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  1. Chan, Valerie W.
  2. McCabe, E. Jane
  3. MacGregor, Daune L.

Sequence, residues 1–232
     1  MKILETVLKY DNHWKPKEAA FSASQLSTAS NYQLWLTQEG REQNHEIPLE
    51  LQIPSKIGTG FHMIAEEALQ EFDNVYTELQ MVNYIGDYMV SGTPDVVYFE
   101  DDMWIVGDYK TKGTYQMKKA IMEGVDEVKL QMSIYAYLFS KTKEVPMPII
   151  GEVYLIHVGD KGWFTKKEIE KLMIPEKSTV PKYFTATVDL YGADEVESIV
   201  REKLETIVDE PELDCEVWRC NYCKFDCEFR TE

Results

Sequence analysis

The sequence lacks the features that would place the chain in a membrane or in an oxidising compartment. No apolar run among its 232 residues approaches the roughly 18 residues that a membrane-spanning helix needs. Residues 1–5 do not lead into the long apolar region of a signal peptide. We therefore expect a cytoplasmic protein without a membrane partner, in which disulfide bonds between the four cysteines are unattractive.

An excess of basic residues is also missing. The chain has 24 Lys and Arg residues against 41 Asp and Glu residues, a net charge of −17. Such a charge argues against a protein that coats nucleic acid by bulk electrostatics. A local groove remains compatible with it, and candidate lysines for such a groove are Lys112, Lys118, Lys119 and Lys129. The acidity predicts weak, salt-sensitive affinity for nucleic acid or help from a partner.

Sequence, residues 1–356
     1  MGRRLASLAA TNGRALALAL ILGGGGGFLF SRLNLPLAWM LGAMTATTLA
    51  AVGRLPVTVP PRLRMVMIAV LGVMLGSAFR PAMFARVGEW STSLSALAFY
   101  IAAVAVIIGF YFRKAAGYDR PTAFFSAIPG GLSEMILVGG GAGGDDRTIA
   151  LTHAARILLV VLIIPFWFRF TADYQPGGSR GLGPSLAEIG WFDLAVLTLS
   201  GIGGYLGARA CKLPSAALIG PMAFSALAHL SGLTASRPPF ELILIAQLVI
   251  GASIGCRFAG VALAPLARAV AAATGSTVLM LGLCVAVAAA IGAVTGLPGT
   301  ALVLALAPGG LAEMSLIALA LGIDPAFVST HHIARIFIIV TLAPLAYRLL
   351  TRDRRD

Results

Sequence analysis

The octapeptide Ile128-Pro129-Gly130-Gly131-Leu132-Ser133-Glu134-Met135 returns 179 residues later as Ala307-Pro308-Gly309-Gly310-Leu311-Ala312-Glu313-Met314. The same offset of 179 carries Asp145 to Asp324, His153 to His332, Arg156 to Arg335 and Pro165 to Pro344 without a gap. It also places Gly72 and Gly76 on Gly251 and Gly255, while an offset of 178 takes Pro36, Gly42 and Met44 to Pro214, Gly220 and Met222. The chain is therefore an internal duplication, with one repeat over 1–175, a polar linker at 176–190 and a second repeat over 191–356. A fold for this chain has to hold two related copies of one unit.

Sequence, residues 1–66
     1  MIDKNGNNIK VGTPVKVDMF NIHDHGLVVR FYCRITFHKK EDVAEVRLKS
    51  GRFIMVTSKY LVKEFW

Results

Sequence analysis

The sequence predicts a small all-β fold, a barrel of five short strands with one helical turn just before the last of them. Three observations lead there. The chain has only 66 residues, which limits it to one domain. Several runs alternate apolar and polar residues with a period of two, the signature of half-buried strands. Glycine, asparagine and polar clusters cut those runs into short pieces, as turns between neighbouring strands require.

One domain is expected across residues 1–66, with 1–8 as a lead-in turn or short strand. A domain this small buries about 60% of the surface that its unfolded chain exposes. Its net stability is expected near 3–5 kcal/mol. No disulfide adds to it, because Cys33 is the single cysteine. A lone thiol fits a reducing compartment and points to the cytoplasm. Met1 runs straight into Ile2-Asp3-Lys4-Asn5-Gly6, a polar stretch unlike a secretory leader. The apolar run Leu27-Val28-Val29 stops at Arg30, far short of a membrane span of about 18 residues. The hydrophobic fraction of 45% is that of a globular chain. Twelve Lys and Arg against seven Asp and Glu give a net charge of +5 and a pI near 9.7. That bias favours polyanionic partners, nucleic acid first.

Children and adolescents experience headaches as do adults and usually present with migraine and chronic daily or tension-type headaches. As some adolescents are unable to achieve headache relief after various treatment strategies, we currently provide botulinum toxin type A (Botox) injections as a clinical treatment (off-label use) in selected cases. Botulinum toxin type A by injection has been found to be effective in the treatment of headache disorders in adults. We treated 12 adolescents (aged 14 to 18 years) with Botox injections for migraine and chronic daily headache. Six patients (all female adolescents) were in long-term treatment and received Botox in the standard "migraine" and "follow-the-pain" patterns every 3 months. Effectiveness was evaluated using pain scales and a standardized quality-of-life survey at baseline and prior to each treatment session. Duration of treatment was 3-29 months. Each patient had 9-63 (average = 42) injections per treatment. All 6 long-term patients reported improvement in headache symptoms, with decreases on pain scales and an average of 33%-75% improvement in quality of life. Two long-term patients had complete relief of headaches between injection series. Four patients had only one series of injections with good results. Two patients had no improvement and refused additional injections. Side effects were mild ptosis (n = 1), blurred vision (n = 1), hematoma at neck injection site with tingling in one arm lasting 24 hours (n = 1), and burning sensations at all injection sites which lasted 1 week (n = 1). Our group findings warrant a controlled trial evaluation of Botox because it may be an effective treatment option for certain adolescents with intractable migraine and chronic daily headaches.